The Obama deficits are only a marginal reason for the stagnation we have had for the past 7 years. Stagnation is not the cause of weak credit demand, low interest rates are the reason for stagnation. The issue is that you don’t get growth the financial sector taking risk, but the zero interest rate environment forced by the Fed allows bankers to make risk-free profits by borrowing money from the Fed and giving it to the government which magically makes it disappear into the black-hole known as entitlements. Yes, that money appears in the economy as checks to retirees and payments to hospitals, but that is money that was already a liability on the government books. So it is a weird form of deleveraging.

    con’t

    • #13
    • September 21, 2016, at 9:27 PM PDT
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  14. Z in MT Inactive

    Another issue is that because high quality corporate bond rates are also low, corporations can increase the price of their stock with share repurchases instead of investing in productivity improvements and future business.

    If the Fed purposely inverted the yield curve, all of this would be reversed. The banks and businesses would have to make long term investments in productivity and future business, which would lead to innovations and real growth.

    They will never listen to me however.

    • #14
    • September 21, 2016, at 9:33 PM PDT
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  15. Z in MT Inactive

    Douglas:

    Z in MT:As predicted. It’s simple. Janet Yellen is a Democrat and raising interest rates would potentially hurt Clinton if the market tanked.

    This is pretty much it. Use Fed policy to feed a stock market under a Democrat, and if a Republican wins, suddenly raise rates. Watch.

    I wouldn’t take that bet. If Trump wins we can expect possibly a 1/2% increase in the Fed funds rate. As I discuss in my other comments, I say bring it on as it is the only way we are going to get out of this low-interest rate environment induced doldrums.

    • #15
    • September 21, 2016, at 9:39 PM PDT
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  16. Herbert defender of the Realm,… Inactive

    Z in MT:

    Steve C.:

    Herbert:What do you think of The Donald’s idea that now is the time to be locking in more long-term debt?

    And do what? Government is not a business. The government can’t borrow $25 billion and put it in a sock drawer. The federal government borrows money to pay it out. Whether that’s to pay interest to bond holders, grandma’s Social Security check or cannons from the Krupp family.

    The Treasury doesn’t have to increase the size of the debt to shift the maturity of the current debt to longer terms. The Treasury is in fact trying to shift new issues to longer debt maturity. It’s probably the prudent thing to do, but it does increase interest payments in the short term because the yield curve while surprisingly flat is still positive.

    I agree with that, but trump has also said that going into more debt when interest rates are so low is a prudent thing to be doing…

    • #16
    • September 21, 2016, at 9:49 PM PDT
    • Like
  17. I Walton Member

    Z in MT:

    I Walton:

    The Obama deficits are only a marginal reason for the stagnation we have had for the past 7 years. Stagnation is not the cause of weak credit demand, low interest rates are the reason for stagnation. The issue is that you don’t get growth the financial sector taking risk, but the zero interest rate environment forced by the Fed allows bankers to make risk-free profits by borrowing money from the Fed and giving it to the government which magically makes it disappear into the black-hole known as entitlements. Yes, that money appears in the economy as checks to retirees and payments to hospitals, but that is money that was already a liability on the government books. So it is a weird form of deleveraging.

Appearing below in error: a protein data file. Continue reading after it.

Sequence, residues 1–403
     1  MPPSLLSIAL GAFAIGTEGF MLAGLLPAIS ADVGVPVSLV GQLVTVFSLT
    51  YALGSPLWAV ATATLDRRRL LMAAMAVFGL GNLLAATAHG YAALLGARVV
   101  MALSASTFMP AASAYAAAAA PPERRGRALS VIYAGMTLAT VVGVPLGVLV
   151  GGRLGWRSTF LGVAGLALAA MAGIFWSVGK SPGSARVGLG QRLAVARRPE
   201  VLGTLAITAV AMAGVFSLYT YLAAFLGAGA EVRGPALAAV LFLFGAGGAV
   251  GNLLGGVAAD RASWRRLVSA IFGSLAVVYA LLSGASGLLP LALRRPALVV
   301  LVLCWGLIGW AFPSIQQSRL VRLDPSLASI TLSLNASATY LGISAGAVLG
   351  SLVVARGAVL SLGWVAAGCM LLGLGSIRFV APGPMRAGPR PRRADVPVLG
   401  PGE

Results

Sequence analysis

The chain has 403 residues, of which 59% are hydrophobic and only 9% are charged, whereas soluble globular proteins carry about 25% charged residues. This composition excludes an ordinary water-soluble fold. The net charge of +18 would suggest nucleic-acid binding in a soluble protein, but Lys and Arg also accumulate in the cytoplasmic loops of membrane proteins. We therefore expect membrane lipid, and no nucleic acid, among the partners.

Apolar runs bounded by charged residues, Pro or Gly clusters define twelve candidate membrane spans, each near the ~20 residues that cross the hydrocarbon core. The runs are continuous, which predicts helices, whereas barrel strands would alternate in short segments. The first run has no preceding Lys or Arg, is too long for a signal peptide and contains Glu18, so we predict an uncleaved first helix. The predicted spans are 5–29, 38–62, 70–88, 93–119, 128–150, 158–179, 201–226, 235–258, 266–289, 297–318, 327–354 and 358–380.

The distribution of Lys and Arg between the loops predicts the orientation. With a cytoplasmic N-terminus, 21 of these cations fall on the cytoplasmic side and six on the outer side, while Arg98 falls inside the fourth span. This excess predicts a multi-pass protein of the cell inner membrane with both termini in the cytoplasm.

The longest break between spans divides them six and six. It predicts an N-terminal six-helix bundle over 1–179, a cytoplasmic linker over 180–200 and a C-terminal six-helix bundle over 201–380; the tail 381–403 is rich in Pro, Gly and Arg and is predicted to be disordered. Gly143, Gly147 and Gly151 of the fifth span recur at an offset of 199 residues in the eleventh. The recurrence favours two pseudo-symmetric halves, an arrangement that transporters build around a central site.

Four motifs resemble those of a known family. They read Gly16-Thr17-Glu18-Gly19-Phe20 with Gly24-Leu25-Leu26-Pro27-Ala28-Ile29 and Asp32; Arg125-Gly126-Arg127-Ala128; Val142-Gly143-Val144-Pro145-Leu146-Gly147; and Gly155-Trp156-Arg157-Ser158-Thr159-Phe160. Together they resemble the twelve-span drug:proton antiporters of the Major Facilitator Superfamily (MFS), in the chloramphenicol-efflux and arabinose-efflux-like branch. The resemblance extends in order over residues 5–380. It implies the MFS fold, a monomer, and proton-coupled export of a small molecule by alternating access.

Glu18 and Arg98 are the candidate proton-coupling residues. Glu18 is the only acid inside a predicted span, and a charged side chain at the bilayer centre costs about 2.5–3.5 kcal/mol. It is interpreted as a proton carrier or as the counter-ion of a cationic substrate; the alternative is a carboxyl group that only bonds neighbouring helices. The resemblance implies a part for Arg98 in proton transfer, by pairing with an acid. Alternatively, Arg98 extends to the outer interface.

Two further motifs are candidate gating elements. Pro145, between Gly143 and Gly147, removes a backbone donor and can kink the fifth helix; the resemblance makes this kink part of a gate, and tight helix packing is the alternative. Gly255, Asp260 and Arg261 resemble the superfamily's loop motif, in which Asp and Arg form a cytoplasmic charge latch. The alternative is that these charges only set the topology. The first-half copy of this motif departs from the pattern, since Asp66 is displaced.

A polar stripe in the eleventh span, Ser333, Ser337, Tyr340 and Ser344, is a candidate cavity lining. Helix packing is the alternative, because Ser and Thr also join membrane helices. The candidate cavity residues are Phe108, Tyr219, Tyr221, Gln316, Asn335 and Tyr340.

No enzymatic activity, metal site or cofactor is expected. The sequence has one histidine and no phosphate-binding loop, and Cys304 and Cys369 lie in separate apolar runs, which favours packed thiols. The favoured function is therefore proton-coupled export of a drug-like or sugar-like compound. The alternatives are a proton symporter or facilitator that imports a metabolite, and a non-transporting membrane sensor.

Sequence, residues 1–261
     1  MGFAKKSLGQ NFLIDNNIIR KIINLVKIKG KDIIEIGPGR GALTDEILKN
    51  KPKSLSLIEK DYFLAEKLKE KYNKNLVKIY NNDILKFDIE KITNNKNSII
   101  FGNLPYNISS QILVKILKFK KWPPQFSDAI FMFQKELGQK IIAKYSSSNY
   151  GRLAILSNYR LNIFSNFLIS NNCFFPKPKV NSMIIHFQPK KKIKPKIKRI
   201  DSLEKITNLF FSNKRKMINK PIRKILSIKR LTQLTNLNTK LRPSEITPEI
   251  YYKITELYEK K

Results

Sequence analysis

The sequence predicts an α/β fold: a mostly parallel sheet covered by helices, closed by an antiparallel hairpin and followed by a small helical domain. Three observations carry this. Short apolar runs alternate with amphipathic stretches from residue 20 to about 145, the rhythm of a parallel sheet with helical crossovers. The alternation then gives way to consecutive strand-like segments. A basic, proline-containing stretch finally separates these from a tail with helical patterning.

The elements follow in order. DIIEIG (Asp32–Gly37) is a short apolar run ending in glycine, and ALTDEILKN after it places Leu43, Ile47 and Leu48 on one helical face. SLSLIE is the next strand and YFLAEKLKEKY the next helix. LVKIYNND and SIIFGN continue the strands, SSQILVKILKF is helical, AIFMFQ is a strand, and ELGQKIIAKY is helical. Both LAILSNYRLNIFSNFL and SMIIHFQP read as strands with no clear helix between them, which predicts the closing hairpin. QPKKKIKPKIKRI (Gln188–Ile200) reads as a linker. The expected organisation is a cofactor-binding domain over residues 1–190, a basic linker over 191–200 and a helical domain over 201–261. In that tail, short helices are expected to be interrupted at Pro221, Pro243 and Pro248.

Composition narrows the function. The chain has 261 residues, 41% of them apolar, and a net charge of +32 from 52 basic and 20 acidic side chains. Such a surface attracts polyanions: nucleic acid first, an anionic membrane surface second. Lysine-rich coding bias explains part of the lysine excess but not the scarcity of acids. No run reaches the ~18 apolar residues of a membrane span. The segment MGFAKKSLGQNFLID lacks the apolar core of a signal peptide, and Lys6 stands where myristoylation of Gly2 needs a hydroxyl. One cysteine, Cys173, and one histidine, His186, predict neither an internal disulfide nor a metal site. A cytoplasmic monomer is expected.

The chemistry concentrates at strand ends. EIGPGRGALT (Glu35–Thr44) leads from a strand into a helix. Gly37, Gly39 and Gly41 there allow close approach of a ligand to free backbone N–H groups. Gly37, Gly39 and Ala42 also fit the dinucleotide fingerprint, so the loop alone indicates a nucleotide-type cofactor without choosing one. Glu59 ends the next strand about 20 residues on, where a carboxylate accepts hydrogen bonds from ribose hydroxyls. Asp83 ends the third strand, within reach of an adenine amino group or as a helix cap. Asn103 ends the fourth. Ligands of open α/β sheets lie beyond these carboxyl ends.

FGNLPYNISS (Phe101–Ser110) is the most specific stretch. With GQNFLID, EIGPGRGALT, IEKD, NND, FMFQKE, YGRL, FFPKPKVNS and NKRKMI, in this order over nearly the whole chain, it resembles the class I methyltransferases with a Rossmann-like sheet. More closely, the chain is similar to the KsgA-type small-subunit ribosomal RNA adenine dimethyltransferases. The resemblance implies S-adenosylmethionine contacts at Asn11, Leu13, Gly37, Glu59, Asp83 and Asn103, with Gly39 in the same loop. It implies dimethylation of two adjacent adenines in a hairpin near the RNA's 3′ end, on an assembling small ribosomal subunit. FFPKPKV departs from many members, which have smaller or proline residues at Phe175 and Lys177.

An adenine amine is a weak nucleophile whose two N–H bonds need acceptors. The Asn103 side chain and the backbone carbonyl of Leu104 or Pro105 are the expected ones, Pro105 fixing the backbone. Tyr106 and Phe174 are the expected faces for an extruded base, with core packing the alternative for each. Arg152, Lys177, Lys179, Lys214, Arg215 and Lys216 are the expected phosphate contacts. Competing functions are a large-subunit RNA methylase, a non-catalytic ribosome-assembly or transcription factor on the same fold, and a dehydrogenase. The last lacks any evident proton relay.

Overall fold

con’t

    The stagnation comes from regulations, uncertainty caused by both the regulations, taxes, rhetoric of an anti small business environment, and a hovering bureaucracy. Low interest rates come from lack of demand for credit which comes from low entrepreneurial activity, weak small business. Also these instruments are being stored in the Fed which isn’t interest rate sensitive. You’re right by monetizing debt they get to enrich favored financial institutions while letting Obama spend without having to raise taxes. The money base doesn’t become money supply. This isn’t from velocity, (at least yet) it’s the money multiplier. Stagnation suits their purpose. If Trump deregulates and cuts taxes we’ll see if I’m right.

    • #17
    • September 22, 2016, at 9:00 AM PDT
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  18. Cato Rand Reagan

    How can this be? I distinctly remember Ben Bernanke promising that the Fed would be able to unwind. (Starting at about the 4:40 mark)

    • #18
    • September 22, 2016, at 12:35 PM PDT
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  19. Cato Rand Reagan

    King Banaian:

    Herbert:What do you think of The Donald’s idea that now is the time to be locking in more long-term debt?

    Much of corporate and household debt is tied to rates on long-term government bonds. Selling more long-term debt is likely to hurt housing and investment, while not doing much to increase the return to saving (which I didn’t have time to discuss in my post, so let me outsource that to John Mauldin.)

    On top of that, even though rates are historically low, the yield curve is hardly flat now, and could be expected to steepen if the treasury made a big move to shift to longer term debt. That’d have a pretty dramatic budgetary impact. The sad fact is that we’re so mired in debt that it’s probably difficult to take advantage of locking in low rates without generating another deficit explosion.

    • #19
    • September 22, 2016, at 12:44 PM PDT
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  20. Herbert defender of the Realm,… Inactive


    https://www.google.com/amp/www.cnbc.com/amp/2016/08/11/king-of-debt-donald-trump-now-is-the-time-to-borrow.html?client=safari

    • #20
    • September 22, 2016, at 1:59 PM PDT